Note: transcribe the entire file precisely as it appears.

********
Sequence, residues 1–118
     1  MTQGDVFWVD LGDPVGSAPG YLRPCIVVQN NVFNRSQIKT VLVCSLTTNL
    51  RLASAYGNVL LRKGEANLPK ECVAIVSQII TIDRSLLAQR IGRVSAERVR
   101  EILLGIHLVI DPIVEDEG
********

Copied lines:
Sequence, residues 1–118
     1  MTQGDVFWVD LGDPVGSAPG YLRPCIVVQN NVFNRSQIKT VLVCSLTTNL
    51  RLASAYGNVL LRKGEANLPK ECVAIVSQII TIDRSLLAQR IGRVSAERVR
   101  EILLGIHLVI DPIVEDEG